By Dave Lindorff
Listening to the endless stream of cars passing my house every day,
and knowing, from watching them from my mailbox, that they are almost
all carrying just one person, either commuting to work or running some
kind of errand, I know we are headed for disaster.
Two days ago, there was a report by Agence France Presse
about the ongoing destruction of the world’s remaining wetlands (60
percent have already been destroyed by man over the past century), and
how they contain within them an amount of stored carbon equal to all
the carbon currently in the atmosphere. Global warming and property
development are drying out those remaining wetlands, causing the
release of that carbon, which will more than negate even the most
radical efforts at reducing carbon emissions from power plants,
factories and automobiles.
There are also credible, well-researched reports
that even a few more degrees of temperature rise in the arctic regions
of Siberia and northern North America will melt the permafrost and
release as much 400 gigatons of methane gas trapped in frozen
clathrates for millennia—the release of which would cause global
temperatures to soar to levels not seen in 250 million years (methane
is 20 times as potent a global warming gas as CO2). Vast regions of
Siberia are already bubbling with releasing methane as the permafrost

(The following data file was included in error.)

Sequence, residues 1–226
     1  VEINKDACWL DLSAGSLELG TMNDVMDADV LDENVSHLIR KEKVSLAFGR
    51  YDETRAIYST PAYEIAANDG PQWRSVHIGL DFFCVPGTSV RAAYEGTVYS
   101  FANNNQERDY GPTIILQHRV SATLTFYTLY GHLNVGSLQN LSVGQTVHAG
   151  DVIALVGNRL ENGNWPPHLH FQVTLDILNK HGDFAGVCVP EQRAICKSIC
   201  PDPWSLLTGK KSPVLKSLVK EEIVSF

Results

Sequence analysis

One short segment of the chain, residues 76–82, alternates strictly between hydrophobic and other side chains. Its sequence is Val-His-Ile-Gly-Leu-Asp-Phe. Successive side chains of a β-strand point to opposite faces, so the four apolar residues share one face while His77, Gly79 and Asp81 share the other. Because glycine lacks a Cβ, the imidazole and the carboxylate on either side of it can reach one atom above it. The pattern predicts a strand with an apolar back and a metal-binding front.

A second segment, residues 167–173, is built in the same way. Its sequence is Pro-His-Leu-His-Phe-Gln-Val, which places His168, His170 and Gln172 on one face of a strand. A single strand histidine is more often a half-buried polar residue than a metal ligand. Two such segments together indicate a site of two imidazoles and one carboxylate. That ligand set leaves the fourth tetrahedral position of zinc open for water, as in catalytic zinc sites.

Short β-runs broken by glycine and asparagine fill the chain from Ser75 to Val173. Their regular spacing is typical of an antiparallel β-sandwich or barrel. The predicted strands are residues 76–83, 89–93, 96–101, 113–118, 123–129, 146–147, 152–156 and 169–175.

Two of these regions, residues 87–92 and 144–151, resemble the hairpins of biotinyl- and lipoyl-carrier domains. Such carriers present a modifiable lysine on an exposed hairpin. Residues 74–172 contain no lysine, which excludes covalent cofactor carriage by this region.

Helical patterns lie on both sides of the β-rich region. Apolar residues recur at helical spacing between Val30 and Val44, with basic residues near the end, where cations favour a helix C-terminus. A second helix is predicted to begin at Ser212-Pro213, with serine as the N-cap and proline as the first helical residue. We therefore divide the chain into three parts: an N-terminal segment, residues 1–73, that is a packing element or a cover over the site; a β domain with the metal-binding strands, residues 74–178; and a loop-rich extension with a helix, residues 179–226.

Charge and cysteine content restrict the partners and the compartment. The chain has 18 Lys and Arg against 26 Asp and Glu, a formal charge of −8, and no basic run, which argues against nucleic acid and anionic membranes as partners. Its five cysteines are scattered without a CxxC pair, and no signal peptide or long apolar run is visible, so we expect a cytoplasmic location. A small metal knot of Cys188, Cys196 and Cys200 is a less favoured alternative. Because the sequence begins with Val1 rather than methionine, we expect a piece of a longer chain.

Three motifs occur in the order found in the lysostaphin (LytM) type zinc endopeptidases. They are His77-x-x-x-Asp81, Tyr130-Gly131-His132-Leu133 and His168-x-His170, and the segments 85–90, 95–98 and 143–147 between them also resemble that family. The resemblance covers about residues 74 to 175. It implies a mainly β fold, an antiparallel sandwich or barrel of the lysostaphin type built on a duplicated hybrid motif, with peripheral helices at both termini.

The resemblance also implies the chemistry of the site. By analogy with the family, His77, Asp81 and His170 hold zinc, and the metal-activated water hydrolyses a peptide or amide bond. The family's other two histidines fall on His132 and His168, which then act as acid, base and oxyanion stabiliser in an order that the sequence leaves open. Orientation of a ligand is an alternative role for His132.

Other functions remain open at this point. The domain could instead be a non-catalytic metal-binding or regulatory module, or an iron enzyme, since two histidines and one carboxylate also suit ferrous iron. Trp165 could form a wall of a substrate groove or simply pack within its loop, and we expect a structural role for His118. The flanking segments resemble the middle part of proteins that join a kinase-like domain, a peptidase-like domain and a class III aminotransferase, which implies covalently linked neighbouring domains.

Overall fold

line moves north.
Now I grant that our corporate media, ever focused laser-like on
important stories like Brittany Spears’ return to the stage and on the
latest gaffe of one or the other presidential candidate, have not been
very interested in alerting the masses to these disasters now in
progress that could end humanity’s run on the planet (along with
exterminating most of the rest of the life on the planet too). But that
said, at this point everyone has surely heard enough, and witnessed
enough in person of the dramatic changes taking place in the earth’s
climate, to know that something scary is going on.
And yet, people are not just going about their business as
usual—they are actually, for the most part, complaining not about the
lack of highly energy-efficient transportation, the lack of alternative
and less energy-wasting public transit, and the lack of government
funding for a crash program into researching carbon-free energy
solutions, but rather about the high price for carbon fuels. People are
clamoring for solutions to make gasoline cheaper!
Years ago, back in the 1970s during an Arab-led oil embargo, when
gas prices soared, there were mass campaigns to organize car pools. No
such campaigns are being organized today, and if any are they don’t get
any media attention. Instead we read that geologists are saying that
massive quantities of untapped oil reserves exist in the far north.
Now the last thing we should be wanting to do is take that nicely
sequestered carbon out of the ground and burn it into CO2! But that’s
what many Americans want done. Screw the climate! We want our cheap gas!
There are so many things we could be doing right now to reduce
carbon emissions—as individuals and as a nation. Turning off
air-conditioners would be one. Why should entire houses be cooled by
central air? Cool one room and use it for the hottest part of the day
if need be. Live downstairs during the hottest months and close off the
upstairs when it gets too hot. Ditto in the winter. There’s no need to
occupy and heat an entire house when it gets really cold. Most
Americans’ homes are way too large anyhow, but if you need that much
room, use it when it doesn’t require all that extra energy to heat and